For certain professions, one can receive a diploma in professional education from schools, such as training workshops or commercial and information schools, not exclusively from professional educational institutions.

Professional education lasts from two to four years, depending on the number of subjects and the complexity of the profession to be mastered.

Admission to vocational schools does not require exams. Children are accepted based on their performance in compulsory schools and interviews.

After obtaining professional diplomas, young people can enroll in specialized universities in fields such as technology, architecture, life sciences; nature, landscape, and food; economics and service industries; design and arts; health and social issues. Admission is usually possible without additional conditions, although some diplomas may require an additional year of study and exams for university entry.

What Ukrainian Parents Should Know?

It is crucial to understand that if you want your child to get into a public university in Switzerland, you must focus seriously on education. Consider sending them to private schools, hiring tutors, etc. In general, children need to exert considerable effort.

Also, it is worth realizing that it is not a tragedy if your child does not go to a university but enters a technical school. They will still receive an education and have good job prospects. Technical schools provide an excellent education.

It is important to note that Ukrainian children with S status are equivalent to Swiss students. Still, differences in the education systems mean that our children need to study longer to catch up with the curriculum. Teenagers aged 15-16 have almost no chance of entering a public university because they do not have the mandatory general education with all its peculiarities. However, with a Ukrainian diploma, they can apply to private universities, where studying is easier and quicker.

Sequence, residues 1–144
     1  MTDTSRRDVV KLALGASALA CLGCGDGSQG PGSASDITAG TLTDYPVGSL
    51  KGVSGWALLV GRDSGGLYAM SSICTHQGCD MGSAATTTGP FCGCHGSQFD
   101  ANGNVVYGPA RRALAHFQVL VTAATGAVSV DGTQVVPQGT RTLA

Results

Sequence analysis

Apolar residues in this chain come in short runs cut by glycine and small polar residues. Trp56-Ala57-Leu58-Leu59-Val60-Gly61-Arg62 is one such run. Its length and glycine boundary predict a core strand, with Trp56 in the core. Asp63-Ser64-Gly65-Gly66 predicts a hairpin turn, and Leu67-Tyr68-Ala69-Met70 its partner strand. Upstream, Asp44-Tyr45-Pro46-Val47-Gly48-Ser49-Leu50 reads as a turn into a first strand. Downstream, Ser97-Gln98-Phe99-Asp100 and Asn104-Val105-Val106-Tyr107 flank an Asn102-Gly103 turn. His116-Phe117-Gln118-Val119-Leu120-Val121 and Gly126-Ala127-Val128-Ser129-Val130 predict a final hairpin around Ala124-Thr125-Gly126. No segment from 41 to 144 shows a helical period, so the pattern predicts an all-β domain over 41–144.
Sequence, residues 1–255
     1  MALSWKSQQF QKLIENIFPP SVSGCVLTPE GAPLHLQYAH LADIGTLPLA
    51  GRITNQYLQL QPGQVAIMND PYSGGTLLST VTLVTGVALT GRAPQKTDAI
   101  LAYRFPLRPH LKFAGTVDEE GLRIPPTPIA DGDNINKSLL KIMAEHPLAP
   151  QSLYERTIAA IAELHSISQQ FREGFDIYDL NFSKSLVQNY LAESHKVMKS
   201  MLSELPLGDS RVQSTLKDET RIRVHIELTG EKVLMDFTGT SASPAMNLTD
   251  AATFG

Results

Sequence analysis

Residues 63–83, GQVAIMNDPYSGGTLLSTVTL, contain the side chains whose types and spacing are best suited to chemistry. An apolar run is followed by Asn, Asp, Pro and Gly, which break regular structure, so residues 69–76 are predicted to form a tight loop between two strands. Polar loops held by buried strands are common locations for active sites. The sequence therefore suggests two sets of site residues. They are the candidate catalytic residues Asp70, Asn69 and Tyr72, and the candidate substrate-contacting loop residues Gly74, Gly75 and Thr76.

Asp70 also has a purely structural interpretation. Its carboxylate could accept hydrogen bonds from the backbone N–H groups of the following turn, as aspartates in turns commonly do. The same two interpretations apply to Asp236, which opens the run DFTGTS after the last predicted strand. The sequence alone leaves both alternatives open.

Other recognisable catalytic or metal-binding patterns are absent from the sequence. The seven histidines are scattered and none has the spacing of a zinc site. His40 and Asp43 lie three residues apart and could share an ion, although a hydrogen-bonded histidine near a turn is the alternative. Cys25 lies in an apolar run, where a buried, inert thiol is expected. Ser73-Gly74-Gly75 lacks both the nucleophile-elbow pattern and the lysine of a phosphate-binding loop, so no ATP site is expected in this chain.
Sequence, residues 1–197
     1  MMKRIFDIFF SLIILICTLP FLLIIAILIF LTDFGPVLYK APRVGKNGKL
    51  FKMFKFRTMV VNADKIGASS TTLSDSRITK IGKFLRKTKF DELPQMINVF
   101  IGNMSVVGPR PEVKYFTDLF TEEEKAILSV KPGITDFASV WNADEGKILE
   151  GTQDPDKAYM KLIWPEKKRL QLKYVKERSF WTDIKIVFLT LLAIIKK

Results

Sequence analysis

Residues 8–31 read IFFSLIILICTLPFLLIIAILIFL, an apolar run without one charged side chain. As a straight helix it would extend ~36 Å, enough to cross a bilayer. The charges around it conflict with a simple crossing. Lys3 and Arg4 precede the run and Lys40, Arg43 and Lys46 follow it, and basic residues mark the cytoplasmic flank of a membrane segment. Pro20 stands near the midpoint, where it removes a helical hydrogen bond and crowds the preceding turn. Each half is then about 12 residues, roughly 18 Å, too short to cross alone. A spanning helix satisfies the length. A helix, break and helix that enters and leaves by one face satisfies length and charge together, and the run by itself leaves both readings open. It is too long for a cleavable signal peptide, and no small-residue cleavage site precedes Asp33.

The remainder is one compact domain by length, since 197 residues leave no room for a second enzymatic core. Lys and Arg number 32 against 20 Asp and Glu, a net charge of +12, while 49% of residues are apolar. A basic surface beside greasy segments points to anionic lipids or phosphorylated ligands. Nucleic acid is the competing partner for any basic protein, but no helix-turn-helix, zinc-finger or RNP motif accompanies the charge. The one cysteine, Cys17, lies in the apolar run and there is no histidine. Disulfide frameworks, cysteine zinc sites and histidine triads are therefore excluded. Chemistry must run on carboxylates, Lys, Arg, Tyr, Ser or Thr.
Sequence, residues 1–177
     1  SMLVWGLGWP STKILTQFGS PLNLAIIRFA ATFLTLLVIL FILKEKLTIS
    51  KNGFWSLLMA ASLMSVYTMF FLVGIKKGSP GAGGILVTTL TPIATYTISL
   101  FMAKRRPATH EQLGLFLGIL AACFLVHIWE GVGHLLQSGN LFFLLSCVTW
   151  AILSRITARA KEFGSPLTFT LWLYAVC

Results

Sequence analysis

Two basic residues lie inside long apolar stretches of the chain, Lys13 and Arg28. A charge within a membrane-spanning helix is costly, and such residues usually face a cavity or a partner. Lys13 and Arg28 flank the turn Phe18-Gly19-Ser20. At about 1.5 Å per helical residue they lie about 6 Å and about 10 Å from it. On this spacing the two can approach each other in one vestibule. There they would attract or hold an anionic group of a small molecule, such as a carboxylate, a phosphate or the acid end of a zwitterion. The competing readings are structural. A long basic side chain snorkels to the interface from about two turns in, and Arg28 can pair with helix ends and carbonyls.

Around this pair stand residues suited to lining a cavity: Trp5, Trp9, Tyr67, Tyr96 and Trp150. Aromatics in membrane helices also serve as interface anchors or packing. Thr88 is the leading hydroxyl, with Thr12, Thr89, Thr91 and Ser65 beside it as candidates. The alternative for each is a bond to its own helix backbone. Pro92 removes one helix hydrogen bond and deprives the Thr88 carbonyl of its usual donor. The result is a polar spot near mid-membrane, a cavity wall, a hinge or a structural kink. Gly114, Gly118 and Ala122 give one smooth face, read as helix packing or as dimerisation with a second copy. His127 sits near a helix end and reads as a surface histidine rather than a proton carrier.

Specifically, children can attend business schools after Ukrainian exams (ZNO) or simply with a Ukrainian diploma. Bachelor's degree programs in such educational institutions last for three years. Subsequently, they can continue their education by enrolling in master's programs, which can last from one to one and a half years (varying between different institutions). However, a doctoral degree can only be obtained at federal polytechnic and cantonal universities.

An important point: while public universities can guarantee job placements, graduates from private educational institutions need to find jobs independently. Some good private universities hire coaches who advise students to properly format and submit their resumes, write motivational letters, or join internships. However, no one guarantees a job.

I want to emphasize again that Ukrainian parents must be cautious in choosing private universities. Cheap or even average-level institutions may issue diplomas that could make it challenging to find a job later. There is even a fraudulent education market. Ukrainian parents should understand that not all education in Switzerland is good. It is effortless to register a business here. Sometimes private universities deceive people who do not understand education.

Another crucial point is that Switzerland is interested in teenagers at the state level. This is a result of the demographic crisis. It may happen that Ukrainian children will have their S status extended to stimulate them to stay and study, but their parents won't. Since parents are not obligated to be in Switzerland while their children study, it is necessary to consider where and how your child can continue their education, for example, in a boarding school or if you can find someone to take responsibility for your child until they turn 18.

The Price of Education

State higher education in Switzerland is practically free. For instance, the tuition fee for a year in a federal or cantonal university may range from 500 to 1,500-2,000 Swiss francs. These universities operate on state or cantonal budgets.

Regarding business schools, tuition costs range from 9,000 to 20,000 francs per year.

Of course, many private universities offer discounts. For Ukrainians with S status, these discounts can be 20%, 30%, or even 50%, depending on the canton.

In general, private universities are a significant topic. Recently, we recorded a podcast with Dmitriy Milashchuk, where this topic was discussed more extensively. I recommend listening to it.